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Dragon’s Dogma review

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You’d think Capcom would already have their adventure game development chock full already, what with its continuous Monster Hunter releases.  But nope, they’ve actually taken a highly ambitious route with its latest console effort, Dragon’s Dogma, a game that has its own tale to tell — though it’s not always the easiest one to stomach.

The game puts you in the shoes of a warrior who you get to customize at the start of the game.  It uses a very elaborate set-up system that’ll take you a few minutes to get through, with styles to choose from and pros and cons to balance.  Once you get that done, you find yourself trying to protect your village from a vicious dragon, but to no avail.  He knocks the wind out of you, and, perhaps trying to humiliate you on top of everything, he rips your chest open and eats your heart.

Strangely enough, though, that doesn’t kill you, as you turn out to be a special person known as “the Arisen."  Part of the fun of Dragon’s Dogma is discovering just what that entails, pursuing the dragon that ripped you apart while also engaging in a number of side quests with the help of a few companions known as “pawns.”

These “pawns,” who can be customized as well (and if you have Xbox Live, based on real friends — a huge bonus), stay by your side over the course of the game, but there are times you can assign certain ones if you feel like they’re particularly good for a mission.  While they’re quite loyal and can develop a relationship with you, they can also be a bit scatterbrained, sometimes performing the wrong action in your time of need (attacking instead of healing you) and making constant comments no matter what’s happening, like talking about a tree or insisting you “heal thyself” dozens of times over.  It’s one of the bigger annoyances in Dogma.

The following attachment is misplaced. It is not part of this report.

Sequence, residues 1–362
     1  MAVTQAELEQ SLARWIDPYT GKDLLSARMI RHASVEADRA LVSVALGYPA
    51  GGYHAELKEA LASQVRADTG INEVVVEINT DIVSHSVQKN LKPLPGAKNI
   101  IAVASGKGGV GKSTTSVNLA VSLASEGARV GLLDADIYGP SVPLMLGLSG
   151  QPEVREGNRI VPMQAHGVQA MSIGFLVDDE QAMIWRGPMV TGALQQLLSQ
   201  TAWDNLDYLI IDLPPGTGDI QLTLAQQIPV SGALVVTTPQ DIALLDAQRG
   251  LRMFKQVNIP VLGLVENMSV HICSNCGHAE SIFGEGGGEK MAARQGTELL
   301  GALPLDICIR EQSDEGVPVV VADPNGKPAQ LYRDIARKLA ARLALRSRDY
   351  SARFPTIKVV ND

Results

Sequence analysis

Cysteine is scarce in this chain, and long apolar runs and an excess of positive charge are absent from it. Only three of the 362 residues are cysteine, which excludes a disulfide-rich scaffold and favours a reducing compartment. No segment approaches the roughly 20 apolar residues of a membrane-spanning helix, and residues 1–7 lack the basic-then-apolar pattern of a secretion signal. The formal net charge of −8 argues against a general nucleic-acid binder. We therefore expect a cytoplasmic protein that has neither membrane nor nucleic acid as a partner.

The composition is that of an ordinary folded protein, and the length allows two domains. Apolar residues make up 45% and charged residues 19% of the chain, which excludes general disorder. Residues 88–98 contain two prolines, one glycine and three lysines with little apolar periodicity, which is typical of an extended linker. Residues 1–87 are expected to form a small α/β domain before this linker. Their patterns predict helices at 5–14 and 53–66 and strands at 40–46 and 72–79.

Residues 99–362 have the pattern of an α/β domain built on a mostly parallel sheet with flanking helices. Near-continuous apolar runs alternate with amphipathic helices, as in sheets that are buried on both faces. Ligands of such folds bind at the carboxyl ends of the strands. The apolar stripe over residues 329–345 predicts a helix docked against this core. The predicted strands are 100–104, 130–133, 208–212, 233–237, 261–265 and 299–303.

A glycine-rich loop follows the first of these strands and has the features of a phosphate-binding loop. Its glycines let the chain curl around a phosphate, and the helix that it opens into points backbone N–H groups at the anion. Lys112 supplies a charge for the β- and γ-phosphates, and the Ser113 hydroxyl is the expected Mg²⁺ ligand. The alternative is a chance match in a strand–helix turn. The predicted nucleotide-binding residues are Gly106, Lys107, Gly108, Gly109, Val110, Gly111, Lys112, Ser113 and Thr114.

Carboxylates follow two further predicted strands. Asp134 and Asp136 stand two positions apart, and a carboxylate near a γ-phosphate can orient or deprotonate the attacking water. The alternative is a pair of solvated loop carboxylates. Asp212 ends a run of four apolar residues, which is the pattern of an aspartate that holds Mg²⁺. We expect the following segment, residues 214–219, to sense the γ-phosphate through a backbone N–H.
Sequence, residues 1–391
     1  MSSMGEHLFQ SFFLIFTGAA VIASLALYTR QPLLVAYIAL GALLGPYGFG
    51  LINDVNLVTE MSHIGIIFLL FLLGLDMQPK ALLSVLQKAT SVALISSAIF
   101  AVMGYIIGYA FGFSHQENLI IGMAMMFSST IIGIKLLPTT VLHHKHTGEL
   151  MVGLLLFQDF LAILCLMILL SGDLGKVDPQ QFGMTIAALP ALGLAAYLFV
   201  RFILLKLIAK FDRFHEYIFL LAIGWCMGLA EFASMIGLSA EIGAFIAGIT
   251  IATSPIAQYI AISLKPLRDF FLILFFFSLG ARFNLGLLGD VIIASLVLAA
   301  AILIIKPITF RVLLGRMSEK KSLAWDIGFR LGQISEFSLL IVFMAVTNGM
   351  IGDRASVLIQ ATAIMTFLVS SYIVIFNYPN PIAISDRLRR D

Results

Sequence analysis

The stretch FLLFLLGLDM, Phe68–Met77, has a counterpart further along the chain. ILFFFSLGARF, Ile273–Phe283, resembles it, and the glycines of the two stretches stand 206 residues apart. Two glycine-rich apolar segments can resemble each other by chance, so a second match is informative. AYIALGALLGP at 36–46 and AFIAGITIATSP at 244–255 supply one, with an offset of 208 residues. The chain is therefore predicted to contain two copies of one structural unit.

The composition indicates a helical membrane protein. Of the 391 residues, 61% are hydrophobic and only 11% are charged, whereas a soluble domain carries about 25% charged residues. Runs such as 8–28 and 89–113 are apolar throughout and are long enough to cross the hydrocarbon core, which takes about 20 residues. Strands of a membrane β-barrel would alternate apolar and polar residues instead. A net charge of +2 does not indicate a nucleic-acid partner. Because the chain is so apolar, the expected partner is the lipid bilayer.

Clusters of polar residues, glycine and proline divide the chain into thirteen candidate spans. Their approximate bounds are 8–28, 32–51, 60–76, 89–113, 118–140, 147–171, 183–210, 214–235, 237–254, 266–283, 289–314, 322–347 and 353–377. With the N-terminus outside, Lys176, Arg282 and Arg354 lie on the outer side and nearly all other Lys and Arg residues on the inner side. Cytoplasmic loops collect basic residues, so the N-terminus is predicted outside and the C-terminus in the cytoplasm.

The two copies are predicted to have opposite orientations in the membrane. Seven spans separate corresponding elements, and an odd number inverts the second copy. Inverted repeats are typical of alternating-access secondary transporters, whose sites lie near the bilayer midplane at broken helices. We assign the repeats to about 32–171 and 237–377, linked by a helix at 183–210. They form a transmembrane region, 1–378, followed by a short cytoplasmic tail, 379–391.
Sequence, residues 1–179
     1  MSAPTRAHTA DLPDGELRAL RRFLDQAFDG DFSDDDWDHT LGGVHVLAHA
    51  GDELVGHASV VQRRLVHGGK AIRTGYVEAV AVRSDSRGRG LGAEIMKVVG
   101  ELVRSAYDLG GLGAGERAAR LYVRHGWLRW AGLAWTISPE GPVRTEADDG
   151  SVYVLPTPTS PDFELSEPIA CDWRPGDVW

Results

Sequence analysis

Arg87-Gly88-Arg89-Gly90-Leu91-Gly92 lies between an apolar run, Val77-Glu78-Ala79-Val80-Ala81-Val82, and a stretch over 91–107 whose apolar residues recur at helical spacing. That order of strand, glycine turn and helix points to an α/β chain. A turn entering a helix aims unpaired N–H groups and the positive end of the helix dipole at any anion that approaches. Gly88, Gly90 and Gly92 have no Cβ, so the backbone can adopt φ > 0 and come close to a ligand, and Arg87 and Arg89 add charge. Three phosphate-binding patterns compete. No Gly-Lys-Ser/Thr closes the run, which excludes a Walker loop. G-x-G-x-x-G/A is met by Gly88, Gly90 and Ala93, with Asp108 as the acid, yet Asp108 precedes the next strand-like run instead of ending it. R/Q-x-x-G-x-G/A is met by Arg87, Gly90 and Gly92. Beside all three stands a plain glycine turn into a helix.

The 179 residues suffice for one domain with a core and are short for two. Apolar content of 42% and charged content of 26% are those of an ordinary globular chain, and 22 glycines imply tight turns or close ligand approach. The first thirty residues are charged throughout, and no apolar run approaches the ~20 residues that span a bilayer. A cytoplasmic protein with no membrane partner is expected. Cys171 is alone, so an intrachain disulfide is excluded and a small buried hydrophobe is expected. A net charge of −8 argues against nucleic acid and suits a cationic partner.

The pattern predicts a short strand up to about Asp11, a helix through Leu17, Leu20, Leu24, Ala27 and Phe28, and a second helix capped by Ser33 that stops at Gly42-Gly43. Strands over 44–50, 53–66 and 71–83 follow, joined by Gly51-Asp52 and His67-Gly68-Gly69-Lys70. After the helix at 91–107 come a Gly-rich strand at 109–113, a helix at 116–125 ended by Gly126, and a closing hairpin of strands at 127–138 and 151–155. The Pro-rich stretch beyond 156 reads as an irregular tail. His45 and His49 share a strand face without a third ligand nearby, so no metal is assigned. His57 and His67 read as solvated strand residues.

Another problem with the game is mission consistency.  Some of them are quite awesome, pitting you against hulking beasts that take a great deal of time to bring down.  Others are petty tasks that take a while to complete and drag down the momentum from the glory of battle.  And though the open world lets you pick and choose, there’s no shortage of missions that you wish you could just get past.  The backtracking can get old, too.  Fortunately, the gameplay holds up either way, with enough hack-and-slash action to fulfill your adventuring ways.

The world of Gransys doesn’t quite hold the wonders of the virtual worlds of other games, like Skyrim and Witcher, due to some repeated territory.  However, the game still holds up with a decent amount of polish, and some of the characters, particularly the bigger brutes in the game, look spectacular.  And when a dragon breathes fire, it’s a really startling effect, like that “other” dragon-killing game.  Some of the character models could use some more work, but otherwise, this is a fine turn for Capcom’s development crew.

The sound is exceptional too, thanks to music that actually fits into the theme of the adventure (rather than, say, the typical rock tracks found in Dead Rising) and dialogue that actually has drive to it — that is, when it’s not being repeated over and over by your lame-brained “pawns.”  The weapon effects are cool, too.

Do we recommend Dragon’s Dogma over some of the superior adventures out there?  Not really, as its AI system leaves a bit to be desired, and some quests should’ve just been thrown away.  However, if you’ve mastered everything Skyrim and seek out a worthy adventure to get you through the summer, this Dragon has got heart to spare.  (Ooh, that wasn’t the greatest of puns, was it?)

[Reviewed on Xbox 360]

Good

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Robert Workman
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